The ‘Can’t Miss’ Investment I Missed

Dammit. I wish someone had pulled me aside at a dinner party when I was in my early 20’s.

And told me the two words that could’ve changed my life. Self-storage. Apart from AAPL, I double dog dare you to find a better investment.

From this week’s Wall Street Journal:

“Self-storage pulled ahead of other property types in the reopening trade as the real-estate business rebounded this year during the easing of pandemic restrictions.

The storage facilities around the country have brought the biggest returns to investors in public real-estate stocks this year. Many people moved, and for those who stayed put, a desire to have more space in their homes because of remote learning and working also spurred demand for self-storage.

As of June 30, total returns from self-storage real-estate investment trusts reached 36%. . . . Over the same period, the FTSE Nareit Equity REITs Index gained 22% and the S&P 500 climbed 15%.

People generally haven’t been able to tame their consumerism, increasing the need for storage space. The self-storage industry sees demand when people’s lives are disrupted, such as relocating for a new job, marriage, divorce and education.

‘Self-storage thrives when people experience change, and Covid disrupted norms across all generations,’ said Drew Dolan, principal at DXD Capital, a self-storage developer and investor. He added that many customers who needed self-storage in 2020 were first-time customers.

Operators moved quickly during the pandemic to offer customers more choices for reservation and move-ins, including online rental agreements and kiosks that limited contact with other people.

‘What used to be a 45-minute transaction can now be a six-minute experience,’ said Natalia N. Johnson, chief administrative officer of Public Storage, in a recent presentation to investors.” 

“People haven’t been able to tame their consumerism.” My vote for understatement of the year, decade, century. I should’ve bet big on American consumers not taming their consumerism years ago. I coulda, shoulda made bank on your neighbors’ conspicuous consumption.

No it’s not too late, but the crazy recent gains have to moderate, don’t they?

The Overworked American

From True Wealth by Juliet Schor:

“Not surprisingly, over the last twenty years, a large number of U.S. employees report being overworked. A 2004 study found that 44 percent of respondents were often or very often overworked, overwhelmed at their job, or unable to step back and process what’s going on. A third reported being chronically overworked. These overworked employees had much higher stress levels, worse physical health, higher rates of depression, and reduced ability to take care of themselves than their less-pressured colleagues. Adverse effects of long hours, stress, and overwork have found in a number of studies, for a variety of physical, mental, and social health outcomes.”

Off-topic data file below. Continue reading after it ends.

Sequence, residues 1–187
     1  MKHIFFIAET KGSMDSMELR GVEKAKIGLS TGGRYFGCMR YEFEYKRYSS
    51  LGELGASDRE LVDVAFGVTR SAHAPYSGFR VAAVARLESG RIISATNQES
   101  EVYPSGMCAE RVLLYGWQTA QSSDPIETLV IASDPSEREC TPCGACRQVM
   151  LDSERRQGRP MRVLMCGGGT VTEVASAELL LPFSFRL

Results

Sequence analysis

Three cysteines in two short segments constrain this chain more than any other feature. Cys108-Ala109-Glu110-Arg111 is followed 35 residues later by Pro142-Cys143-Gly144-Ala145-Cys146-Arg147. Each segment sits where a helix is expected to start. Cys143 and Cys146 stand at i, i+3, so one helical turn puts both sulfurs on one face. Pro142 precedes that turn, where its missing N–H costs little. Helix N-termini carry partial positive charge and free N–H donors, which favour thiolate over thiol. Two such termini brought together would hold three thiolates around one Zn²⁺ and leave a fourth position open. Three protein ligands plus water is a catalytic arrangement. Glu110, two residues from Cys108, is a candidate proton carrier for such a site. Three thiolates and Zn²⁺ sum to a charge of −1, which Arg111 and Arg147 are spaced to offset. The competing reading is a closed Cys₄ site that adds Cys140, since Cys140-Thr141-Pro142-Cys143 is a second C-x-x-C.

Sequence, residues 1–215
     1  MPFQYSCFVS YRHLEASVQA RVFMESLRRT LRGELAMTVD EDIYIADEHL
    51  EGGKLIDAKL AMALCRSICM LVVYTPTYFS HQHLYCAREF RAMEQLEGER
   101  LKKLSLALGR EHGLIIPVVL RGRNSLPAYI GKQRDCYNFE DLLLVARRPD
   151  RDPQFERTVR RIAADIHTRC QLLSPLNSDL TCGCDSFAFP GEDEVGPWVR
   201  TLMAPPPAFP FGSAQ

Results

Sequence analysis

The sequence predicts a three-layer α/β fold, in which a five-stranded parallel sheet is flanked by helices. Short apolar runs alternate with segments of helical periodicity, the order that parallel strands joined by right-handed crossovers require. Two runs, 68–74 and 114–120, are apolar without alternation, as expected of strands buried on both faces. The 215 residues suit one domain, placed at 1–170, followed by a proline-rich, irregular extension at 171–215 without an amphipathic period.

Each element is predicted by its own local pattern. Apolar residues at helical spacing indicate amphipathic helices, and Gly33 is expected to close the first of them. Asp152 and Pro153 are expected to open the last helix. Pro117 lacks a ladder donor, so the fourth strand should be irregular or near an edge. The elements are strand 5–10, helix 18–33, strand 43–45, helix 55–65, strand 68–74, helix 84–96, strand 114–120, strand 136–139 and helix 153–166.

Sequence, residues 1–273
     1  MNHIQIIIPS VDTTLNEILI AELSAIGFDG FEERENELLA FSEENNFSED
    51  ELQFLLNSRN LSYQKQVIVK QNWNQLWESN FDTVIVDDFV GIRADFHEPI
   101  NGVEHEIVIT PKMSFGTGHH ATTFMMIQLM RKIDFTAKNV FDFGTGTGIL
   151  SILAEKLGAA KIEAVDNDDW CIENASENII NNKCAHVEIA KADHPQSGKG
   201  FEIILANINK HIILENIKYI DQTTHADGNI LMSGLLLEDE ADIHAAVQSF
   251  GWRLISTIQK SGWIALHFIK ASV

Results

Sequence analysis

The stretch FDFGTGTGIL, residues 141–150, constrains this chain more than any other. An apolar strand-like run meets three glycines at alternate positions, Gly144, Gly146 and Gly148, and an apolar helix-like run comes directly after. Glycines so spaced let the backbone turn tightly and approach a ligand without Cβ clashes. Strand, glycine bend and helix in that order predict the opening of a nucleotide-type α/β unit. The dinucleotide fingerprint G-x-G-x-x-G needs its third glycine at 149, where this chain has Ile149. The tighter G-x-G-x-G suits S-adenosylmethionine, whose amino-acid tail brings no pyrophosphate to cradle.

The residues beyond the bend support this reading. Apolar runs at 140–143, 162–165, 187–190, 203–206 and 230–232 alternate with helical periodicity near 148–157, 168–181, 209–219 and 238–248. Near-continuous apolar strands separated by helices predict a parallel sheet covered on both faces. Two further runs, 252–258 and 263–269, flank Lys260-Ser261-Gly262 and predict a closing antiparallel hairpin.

Phenomenon like that inspired this blog’s name many moons ago. So, as the calendar year draws to a close, let’s step back and process what’s going on.

Why do so many U.S. workers subject themselves to the “adverse effects of long hours, stress, and overwork”? Is it because, as one of my friends insists, they have no choice, because their families have grown accustomed to uber-comfortable, expensive-to- maintain lifestyles? Is it as simple as mindless materialism or trying to keep pace with one’s neighbors conspicuous consumption? What if my friend went to his family and said, I want to invest less time at work and more strengthening our relationships and my physical, mental, and social health?

Overworked U.S. readers, what is keeping you from reducing your personal or family overhead and going half-time at work? Or if your employer doesn’t provide a half-time option, finding a different job that would require less of you so that you could prioritize, rather than continue neglecting, your physical, mental, and social health?

I don’t think my friend would admit it, but I’m convinced, despite his sporadic complaining about his work, he greatly prefers being at work to not. He does not have many interests outside of work. He’s good at what he does. Being good at what he does gives him an identity.

Maybe the central challenge for the overworked American isn’t figuring out how to down-size his or her lifestyle, it’s how to craft an identity from non-work interests and activities.

Postscript: Mea culpa. I should’ve woven this sentence in from Schor too. “Of course, for many earning less money is simply impossible, because their wages are too low.”